Tuesday, July 5, 2011

Casey Anthony Walks

Where this trial came from or how it turned into some cult news sensation, I have no idea. It's especially peculiar because while some people have been obsessing over it, others haven't even heard of Casey Anthony.

It was usually on TV where I live, so I caught bits and pieces of the trial over the last few weeks. It seemed to be a little ponzi scheme of hype- it was big news because HLN insisted it was big news. Evidently, a lot of people bit.

I don't think there was anything particularly spectacular about the trial itself, aside from the media frenzy (breaking into other programs for updates on this or that) and the media's pronouncing the defendant guilty of murder from the outset. If you watched the trial during one of its breaks or when they cut to the anchors, it was like a nonstop cheerleading session for the prosecution.

I started to wonder how many people even noticed it. I also wondered how much being constantly told someone is guilty might potentially sway someone's opinion. Some say the media has liberal slant, some say it has a conservative slant- I say the media has a pro-government slant, and the Casey Anthony trial is a good example.

The overwhelming consensus of the TV audience is that she was guilty. If you noticed that all of your friends suddenly turned into armchair lawyers in the hour or so following the verdict, it's because in the end, Mrs. Anthony was acquitted on all counts of murder.

I keep my eyes open, and I see more injustice than the average person ever gets to see (anyone who reads Reason Magazine generally does). I've read stories of men serving time for crimes they didn't commit. I've seen men serve out sentences that were exponentially harsher than what their crime warranted. I've read stories of people getting exonerated while sitting on death row (having rotted there for years, and sometimes decades)- and with no compensation after the fact. Name anything about the American justice system, and I guarantee it has its disgraceful elements- from how juries are selected to how laws are written to how evidence is gathered to how due process is afforded the accused, all the way up through how sentences are carried out- and beyond. I could go on for some time. The deck is clearly stacked against defendants when the plaintiff is government.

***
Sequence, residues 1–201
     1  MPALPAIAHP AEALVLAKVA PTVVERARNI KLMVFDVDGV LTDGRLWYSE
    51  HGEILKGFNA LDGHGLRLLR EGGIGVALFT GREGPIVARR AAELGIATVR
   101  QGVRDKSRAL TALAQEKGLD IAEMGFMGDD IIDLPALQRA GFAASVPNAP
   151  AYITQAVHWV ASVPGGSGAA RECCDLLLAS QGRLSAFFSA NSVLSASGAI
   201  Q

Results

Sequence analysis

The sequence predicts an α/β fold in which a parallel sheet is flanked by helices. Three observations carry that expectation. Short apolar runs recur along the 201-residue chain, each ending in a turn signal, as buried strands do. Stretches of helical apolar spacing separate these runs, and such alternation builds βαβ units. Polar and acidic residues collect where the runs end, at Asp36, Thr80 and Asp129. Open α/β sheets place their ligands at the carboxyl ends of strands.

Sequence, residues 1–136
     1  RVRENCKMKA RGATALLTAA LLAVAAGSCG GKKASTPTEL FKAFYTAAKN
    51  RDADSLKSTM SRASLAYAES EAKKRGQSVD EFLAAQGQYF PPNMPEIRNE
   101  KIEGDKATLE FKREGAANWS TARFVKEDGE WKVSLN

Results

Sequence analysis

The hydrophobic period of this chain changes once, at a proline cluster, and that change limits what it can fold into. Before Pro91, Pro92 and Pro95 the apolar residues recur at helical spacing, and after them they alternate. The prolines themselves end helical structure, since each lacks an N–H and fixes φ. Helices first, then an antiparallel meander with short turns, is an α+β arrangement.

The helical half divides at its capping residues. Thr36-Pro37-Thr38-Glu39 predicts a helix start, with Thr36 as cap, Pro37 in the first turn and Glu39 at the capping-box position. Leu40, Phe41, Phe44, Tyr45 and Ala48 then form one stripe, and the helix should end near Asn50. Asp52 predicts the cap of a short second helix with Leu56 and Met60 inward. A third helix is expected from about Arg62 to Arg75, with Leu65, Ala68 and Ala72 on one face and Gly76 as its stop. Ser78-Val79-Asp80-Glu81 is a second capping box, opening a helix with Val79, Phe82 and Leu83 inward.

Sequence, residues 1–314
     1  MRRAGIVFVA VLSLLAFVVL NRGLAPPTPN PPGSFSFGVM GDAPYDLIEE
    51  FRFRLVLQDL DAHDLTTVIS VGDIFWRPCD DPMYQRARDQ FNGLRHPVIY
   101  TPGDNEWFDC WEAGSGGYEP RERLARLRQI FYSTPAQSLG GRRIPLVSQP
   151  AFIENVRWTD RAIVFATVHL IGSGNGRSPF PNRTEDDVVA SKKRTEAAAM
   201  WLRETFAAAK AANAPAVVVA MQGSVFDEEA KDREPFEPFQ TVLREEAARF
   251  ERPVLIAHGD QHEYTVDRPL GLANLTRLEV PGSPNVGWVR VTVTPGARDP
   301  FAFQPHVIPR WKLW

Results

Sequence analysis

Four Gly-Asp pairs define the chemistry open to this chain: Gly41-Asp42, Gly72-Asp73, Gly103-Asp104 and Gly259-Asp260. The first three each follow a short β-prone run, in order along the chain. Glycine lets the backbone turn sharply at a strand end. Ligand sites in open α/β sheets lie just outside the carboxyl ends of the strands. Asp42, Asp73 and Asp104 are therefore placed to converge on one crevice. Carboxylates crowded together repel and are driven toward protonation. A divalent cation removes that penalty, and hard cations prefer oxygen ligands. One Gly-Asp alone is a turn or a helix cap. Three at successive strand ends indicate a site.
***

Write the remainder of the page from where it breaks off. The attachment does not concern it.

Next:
I don't know the details of the Casey Anthony trial, and I certainly can't say beyond a reasonable doubt whether she did what they said she did (I'm glad I didn't have to). For whatever reason, neither did her jury, and that's why they let her skate. The defense convinced them that the government hadn't met its burden of proof and the verdict made many people unhappy. I'll say this: If the only price we have to pay for sparing innocent people from the jaws of a prison/death sentence is saddling the government with a stiff burden of proof- even if it's the same burden which, this time, let a guilty woman go free- we're getting a bargain. I'd let Casey Anthony walk ten times over if I knew the same judicial process afforded ironclad protections for the innocent.

Note that I do hate the idea of letting the truly guilty go free. But I despise the notion that people could be convicted on a mere probability of guilt, because I understand that the Probable Guilt Standard would inevitably apply to the innocent as well. Better the system be imperfect in favor of the guilty than against the innocent. Let this one slide. Can't win em all, folks.

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